Age-old first-person shooter Doom has, at this point, a history of being run on all sorts of improbable hardware, and the latest achievement is running the game in a keycap.
Yes, you read that right. You may be scratching your head at this point – a keycap, meaning the actual plastic key molds that make up the letters and characters on your keyboard – can’t do anything, right?
Right, but in this case, it’s a keycap with a tiny little computer board embedded inside.
Tom’s Hardware spotted that Bob from TheKeebProject took a Raspberry Pi RP2040 chip, put it in a tiny custom-built PCB (printed circuit board), and inserted that inside a keycap (the slightly larger backspace key).
The tiny RP2040 is able to run Doom, albeit a heavily modified version of the game. In fact, it runs a fork of a Doom port for the RP2040 (by Graham Sanderson), one that’s derived from Chocolate Doom (a ‘minimalist’ port of the game).
Analysis: Doom running on a chip that costs next to nothing
The best gaming keyboards have all sorts of perks, but we’ve never seen a game embedded on a dedicated chip inside a keycap before – this is very definitely a first, and an eye-opening one at that.
Remember, Doom is running on an RP2040 microcontroller with two CortexM0+ CPUs pitched at 133MHz and coupled with just 264K of RAM. This is a computer board that costs less than a buck, and it can run Doom – with caveats, as mentioned above, but still.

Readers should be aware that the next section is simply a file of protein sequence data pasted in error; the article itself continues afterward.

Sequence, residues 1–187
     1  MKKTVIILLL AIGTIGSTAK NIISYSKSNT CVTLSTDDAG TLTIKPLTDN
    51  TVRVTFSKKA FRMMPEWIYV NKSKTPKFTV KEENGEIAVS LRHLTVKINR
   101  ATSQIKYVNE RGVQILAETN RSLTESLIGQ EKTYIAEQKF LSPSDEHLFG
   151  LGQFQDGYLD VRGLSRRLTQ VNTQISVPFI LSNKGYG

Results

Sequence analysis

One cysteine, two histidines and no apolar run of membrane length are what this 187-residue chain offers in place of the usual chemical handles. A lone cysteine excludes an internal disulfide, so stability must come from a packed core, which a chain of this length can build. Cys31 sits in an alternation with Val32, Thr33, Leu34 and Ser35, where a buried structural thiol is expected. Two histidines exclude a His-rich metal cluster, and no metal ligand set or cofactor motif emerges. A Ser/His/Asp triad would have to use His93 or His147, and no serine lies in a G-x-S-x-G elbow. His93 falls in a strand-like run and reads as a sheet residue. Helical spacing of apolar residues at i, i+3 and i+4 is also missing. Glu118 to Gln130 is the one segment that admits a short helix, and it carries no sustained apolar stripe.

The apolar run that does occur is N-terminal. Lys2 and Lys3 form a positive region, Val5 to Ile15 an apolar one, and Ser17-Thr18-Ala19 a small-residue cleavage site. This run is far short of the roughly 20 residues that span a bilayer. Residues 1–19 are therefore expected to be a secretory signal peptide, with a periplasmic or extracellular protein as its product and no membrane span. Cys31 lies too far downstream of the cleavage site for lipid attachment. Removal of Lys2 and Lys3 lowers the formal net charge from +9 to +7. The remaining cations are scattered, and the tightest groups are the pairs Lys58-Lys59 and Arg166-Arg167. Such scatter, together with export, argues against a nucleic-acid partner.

Bob observes that the ported version of Doom keeps a lot of the original functionality, such as the resolution of 320 x 200, stereo sound, and network multiplayer is even in here.
Doubtless we'll continue to see the title that changed PC gaming forever running in all sorts of weird ways, because this has definitely become a thing (TM) with Doom in contemporary times. At this point, if Doom was spotted running on a pair of nail clippers, we wouldn’t be too shocked.
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Darren is a freelancer writing news and features for TechRadar (and occasionally T3) across a broad range of computing topics including CPUs, GPUs, various other hardware, VPNs, antivirus and more. He has written about tech for the best part of three decades, and writes books in his spare time (his debut novel - 'I Know What You Did Last Supper' - was published by Hachette UK in 2013).